As for Brown, there is an entire cottage industry, led by constitutional historian Michael Klarman, devoted to showing that the decision did little to desegregate schools and much to trigger a white backlash in the south. Schools did not begin to desegregate until 1964, when Congress finally made desegregation a condition of federal funding. In any case, the Supreme Court emphatically gave up on the ambition of Brown in 1974 when it refused to allow states to impose inter-district busing as a way to achieve integration. In short, the myth of the Court worships a body of law that, in many cases, exists only in name.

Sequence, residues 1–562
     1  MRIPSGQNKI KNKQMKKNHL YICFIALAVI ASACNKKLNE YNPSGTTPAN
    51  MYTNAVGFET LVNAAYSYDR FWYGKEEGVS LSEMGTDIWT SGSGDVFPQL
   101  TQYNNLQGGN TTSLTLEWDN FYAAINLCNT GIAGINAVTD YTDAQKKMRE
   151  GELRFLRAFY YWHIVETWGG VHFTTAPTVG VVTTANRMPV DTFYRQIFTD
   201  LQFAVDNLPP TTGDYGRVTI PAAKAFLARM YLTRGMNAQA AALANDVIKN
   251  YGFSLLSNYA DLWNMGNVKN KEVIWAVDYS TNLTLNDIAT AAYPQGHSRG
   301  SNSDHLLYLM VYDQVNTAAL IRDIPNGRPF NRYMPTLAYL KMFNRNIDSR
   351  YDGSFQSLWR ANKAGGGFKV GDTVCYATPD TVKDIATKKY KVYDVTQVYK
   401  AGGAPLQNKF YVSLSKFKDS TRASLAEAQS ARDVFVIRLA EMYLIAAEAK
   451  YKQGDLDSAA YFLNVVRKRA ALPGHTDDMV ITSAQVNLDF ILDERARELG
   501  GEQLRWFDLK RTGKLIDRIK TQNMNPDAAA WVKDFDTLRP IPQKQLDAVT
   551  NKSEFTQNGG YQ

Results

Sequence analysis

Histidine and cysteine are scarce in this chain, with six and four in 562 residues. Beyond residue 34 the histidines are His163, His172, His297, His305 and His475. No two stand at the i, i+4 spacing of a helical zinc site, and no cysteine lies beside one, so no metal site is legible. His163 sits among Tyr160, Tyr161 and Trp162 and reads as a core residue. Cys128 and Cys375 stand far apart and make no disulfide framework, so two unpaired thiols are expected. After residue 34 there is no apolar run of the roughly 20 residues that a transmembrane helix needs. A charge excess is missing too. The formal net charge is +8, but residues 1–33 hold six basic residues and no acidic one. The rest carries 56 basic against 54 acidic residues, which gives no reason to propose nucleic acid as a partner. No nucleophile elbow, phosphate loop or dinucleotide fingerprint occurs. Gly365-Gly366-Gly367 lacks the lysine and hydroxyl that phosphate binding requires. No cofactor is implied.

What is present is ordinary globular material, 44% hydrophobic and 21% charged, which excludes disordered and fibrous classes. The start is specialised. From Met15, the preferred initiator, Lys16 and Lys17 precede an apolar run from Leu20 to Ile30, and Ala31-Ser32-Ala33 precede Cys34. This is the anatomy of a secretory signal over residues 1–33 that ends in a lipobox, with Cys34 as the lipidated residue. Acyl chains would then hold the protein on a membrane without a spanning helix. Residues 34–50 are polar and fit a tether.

The left clings to the myth of the Court for a second reason as well. In this country, the idea of the law holds a particular appeal. In a nation that is at least nominally secular, many Americans imagine the law—and especially the Constitution—as conferring an argument-ending legitimacy. They revere the Constitution with the same kind of devotion that others bring to religious texts, and use the Constitution to substantiate and buttress their vision of the world. They cast their understanding of good and bad, right and wrong, or just and unjust in constitutional terms. In that way, uninformed Constitution-speak replaces reasoned debate. Just look at the anti-maskers; their rhetoric is thick with vague but impassioned claims to constitutional entitlement, as though winning the constitutional argument would end the controversy. And since the Supreme Court is the ultimate arbiter of the Constitution’s meaning, the Justices are thrust into the unwelcome position of secular High Priests. Control of the Supreme Court means control of our most sacred text, and we imagine the Court will resolve social controversies that are far outside its remit.